Anybody who says Angus Young is too old to be prancing around in his schoolboy uniform simply doesn't get it. Not only do they miss the point of AC/DC. They don't understand rock 'n' roll.

Back from an eight-year hiatus and looking as if they aged 20 in that time (Young is 53, singer Brian Johnson is 61), AC/DC nonethless remains the ultimate juvenile, shirt-untucked, fists-clenched bad-boy rock band. Which is pretty much the same as saying they're the ultimate rock band, period.

If Chuck Berry's "Johnny B. Goode" and Elvis' "Jailhouse Rock" were the blueprint for rock 'n' roll, with their troublemaker attitudes, vague sexuality and so-simple-they're-genius guitar riffs, then AC/DC is today's best living, breathing, crowd-mooning manifestation of that design.

The band hasn't grown up or changed one iota. Their new Wal-Mart-exclusive album, "Black Ice," sounds like it could have been the follow-up to 1980's "Back in Black" or 1990's "The Razors Edge." The tour that lands Sunday at Xcel Energy Center -- a second date was added Jan. 19 after this one sold out in five minutes -- features many of the same songs and same gimmicks as their outings of the past 25 years, i.e., the "Hell's Bells" ringing, the "For Those About to Rock" cannon salutes and the "Let There Be Rock" shoulder-ride around the arena.

And yes, Angus still wears that schoolboy uniform. That stupid, hokey, beautiful, velvet jacket, tie and shorts ensemble, which is to rock 'n' roll what Dorothy's ruby-red shoes are to cinema, or Superman's cape is to comic books.

Bring on the sameness. Not every band has to be like Lou Reed or Neil Young, trying to reinvent the wheel every time out. At least not a band like AC/DC, so steeped in rock's most basic principles that it would be laughable to see them try anything that actually requires much trying.

Here's proof that AC/DC remains as relevant a force in rock today as it was 20-30 years ago:

1 Second only to the Beatles in catalog sales. Since 2003, they've sold 23 million albums and DVDs worldwide. And they did that in spite of No. 2 ...

2 iWhat? Like the Beatles (and very few others), they still refuse to sell their music on iTunes. It's not the idea that they're an album kind of band vs. a singles band that's so cool, or that they should be cranked on a stereo instead of funneled through an iPod. It's just the audacity of it. Most acts would be shooting themselves in the foot if they did this.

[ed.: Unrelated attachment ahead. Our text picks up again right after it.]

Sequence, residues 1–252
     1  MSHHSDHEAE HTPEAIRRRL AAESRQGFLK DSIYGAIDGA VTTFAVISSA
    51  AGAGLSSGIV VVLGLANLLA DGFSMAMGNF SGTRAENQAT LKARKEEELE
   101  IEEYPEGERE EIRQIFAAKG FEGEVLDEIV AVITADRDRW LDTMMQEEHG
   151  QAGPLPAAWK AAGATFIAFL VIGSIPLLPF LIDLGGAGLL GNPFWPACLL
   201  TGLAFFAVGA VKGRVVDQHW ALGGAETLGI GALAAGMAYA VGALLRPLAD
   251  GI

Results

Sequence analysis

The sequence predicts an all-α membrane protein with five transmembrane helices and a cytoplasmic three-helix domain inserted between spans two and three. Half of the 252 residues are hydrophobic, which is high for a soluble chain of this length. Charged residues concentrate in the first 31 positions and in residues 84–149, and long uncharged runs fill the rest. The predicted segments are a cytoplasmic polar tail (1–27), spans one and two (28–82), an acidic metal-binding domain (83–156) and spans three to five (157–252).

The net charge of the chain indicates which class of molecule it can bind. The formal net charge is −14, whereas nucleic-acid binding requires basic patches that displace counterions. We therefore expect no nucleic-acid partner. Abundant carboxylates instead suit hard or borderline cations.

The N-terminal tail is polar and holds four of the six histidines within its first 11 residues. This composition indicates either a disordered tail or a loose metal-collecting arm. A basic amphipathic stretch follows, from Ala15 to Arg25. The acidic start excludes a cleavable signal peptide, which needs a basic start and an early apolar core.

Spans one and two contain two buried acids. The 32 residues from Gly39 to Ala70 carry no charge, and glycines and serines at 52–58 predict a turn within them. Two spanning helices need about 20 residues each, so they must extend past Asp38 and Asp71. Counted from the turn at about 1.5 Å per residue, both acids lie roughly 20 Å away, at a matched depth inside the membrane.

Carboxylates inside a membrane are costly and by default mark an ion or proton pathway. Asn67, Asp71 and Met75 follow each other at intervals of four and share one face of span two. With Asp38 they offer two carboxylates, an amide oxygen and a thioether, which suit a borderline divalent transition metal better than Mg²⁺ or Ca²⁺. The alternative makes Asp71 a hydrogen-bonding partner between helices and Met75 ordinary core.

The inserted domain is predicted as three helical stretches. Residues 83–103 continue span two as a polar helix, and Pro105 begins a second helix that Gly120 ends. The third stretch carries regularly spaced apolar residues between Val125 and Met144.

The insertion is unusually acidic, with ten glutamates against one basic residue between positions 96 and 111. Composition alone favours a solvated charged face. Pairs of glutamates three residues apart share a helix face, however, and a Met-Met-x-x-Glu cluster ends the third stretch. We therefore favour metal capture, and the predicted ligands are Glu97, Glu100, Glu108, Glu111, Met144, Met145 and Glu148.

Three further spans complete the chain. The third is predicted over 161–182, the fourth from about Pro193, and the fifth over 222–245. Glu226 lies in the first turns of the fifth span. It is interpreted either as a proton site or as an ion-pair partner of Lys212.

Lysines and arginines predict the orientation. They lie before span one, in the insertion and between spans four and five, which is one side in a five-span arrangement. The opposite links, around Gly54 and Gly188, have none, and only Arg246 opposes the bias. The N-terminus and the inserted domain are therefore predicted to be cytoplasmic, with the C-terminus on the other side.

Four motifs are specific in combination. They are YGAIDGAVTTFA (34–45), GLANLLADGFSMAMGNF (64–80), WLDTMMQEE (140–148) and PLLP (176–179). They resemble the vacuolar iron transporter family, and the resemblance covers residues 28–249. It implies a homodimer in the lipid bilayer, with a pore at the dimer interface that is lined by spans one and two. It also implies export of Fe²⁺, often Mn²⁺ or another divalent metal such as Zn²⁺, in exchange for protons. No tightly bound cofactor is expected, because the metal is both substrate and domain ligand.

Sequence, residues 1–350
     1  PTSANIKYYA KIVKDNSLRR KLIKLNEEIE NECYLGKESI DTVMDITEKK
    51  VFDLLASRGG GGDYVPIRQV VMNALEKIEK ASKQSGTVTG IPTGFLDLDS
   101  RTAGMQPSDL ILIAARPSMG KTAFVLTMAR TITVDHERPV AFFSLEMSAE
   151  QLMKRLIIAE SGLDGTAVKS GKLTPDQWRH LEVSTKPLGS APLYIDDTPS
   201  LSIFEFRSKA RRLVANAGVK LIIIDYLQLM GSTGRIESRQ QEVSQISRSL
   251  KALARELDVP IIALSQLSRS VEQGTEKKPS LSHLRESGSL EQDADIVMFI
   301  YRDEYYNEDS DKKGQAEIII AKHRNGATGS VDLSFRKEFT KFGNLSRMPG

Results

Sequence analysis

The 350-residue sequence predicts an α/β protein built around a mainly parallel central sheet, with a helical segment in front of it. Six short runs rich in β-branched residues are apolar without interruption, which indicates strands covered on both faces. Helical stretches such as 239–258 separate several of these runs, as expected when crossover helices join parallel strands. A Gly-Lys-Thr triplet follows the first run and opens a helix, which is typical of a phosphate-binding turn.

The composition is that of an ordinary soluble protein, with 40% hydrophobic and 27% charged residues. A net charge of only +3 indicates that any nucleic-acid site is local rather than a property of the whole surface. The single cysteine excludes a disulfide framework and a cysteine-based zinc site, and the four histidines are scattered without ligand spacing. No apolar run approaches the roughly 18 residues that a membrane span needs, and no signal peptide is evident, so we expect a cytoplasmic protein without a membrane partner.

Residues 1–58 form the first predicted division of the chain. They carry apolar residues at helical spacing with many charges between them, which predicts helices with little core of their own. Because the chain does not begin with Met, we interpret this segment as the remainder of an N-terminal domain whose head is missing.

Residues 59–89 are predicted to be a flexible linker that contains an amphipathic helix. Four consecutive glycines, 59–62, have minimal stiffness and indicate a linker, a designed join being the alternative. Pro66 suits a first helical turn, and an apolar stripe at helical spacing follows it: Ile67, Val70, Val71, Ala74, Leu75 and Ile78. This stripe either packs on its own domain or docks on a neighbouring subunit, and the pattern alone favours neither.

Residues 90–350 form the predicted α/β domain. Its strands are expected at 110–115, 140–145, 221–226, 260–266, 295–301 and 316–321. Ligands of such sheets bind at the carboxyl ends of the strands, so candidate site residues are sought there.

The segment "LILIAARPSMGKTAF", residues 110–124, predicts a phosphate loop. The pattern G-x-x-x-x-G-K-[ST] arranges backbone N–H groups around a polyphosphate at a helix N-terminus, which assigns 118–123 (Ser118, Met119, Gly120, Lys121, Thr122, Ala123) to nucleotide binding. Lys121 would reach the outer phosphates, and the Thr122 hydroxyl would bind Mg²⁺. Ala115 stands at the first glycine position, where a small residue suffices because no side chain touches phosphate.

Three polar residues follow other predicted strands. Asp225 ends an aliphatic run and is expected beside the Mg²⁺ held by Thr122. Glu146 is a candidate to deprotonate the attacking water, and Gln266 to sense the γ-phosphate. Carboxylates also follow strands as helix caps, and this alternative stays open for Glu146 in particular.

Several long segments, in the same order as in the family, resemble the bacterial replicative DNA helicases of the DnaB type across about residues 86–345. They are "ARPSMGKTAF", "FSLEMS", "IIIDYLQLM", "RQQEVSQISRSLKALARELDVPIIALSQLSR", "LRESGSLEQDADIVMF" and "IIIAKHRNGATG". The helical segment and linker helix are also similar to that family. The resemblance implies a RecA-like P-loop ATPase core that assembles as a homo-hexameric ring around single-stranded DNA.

3 No. 1 for two weeks. Available only via Wal-Mart and, "Black Ice" took the top spot in Billboard its first week and remained there for one more, beating "High School Musical 3" and new releases by Toby Keith, Pink and Rascal Flatts. There is hope in this world.

4 No power ballads. They've never wussed out to attract teenage girls and/or get on the radio. Never. Mötley Crüe and Guns N' Roses can't say that. Aerosmith definitely can't. Even Zeppelin pushed the mush with "All My Love." The mellowest AC/DC ever got was "Ride On" -- a song that bikers, not chicks, came to love.

5 "War Machine." The best song on the new CD, it starts with a slow, lumbering, tank-attack beat and quickly builds to atom-bomb intensity, with Angus shredding his guitar as if it was the U.S. Constitution during the Iraq War.

6 Brian Johnson's tenure is now four times longer than Bon Scott's. The Scott-era AC/DC was meaner, wilder and better, but the late frontman (who died in 1980 following a drinking binge) has become a footnote to a majority of fans. No other band so successfully replaced a singer. Never mind that Brian's wheels-peeling voice wore out its treads years ago.

7 Mutt Lange, Rick Rubin and now Brendan O'Brien. Three of rock's biggest record producers, they've all left their imprints on other acts. But not AC/DC. That's a testament to the band's raw power.

8 "Whole Lotta Rosie" and "The Jack." Admit it. The double entendres and squirm-inducing details still make you laugh 30 years on.

9 No one ever parts with "Back in Black." True story: For years, I looked for AC/DC's seminal 1980 album in every used-CD bin I came across. Since it's one of the biggest-selling discs of all time (I also own a very worn-out cassette), it should be easy to find as a hand-me-down, especially since every classic-rock station in the country plays one of its songs hourly. Nope. I finally broke down and paid full price a couple years ago.

10 Still the "second-most-powerful surge that can flow through your body." That's how Steven Tyler described the visceral feeling of Angus and Malcolm Young's guitar work at their 2003 Rock and Roll Hall of Fame induction. All indications are the adrenaline will flow again at Sunday's concert.

Chris Riemenschneider • 612-673-4658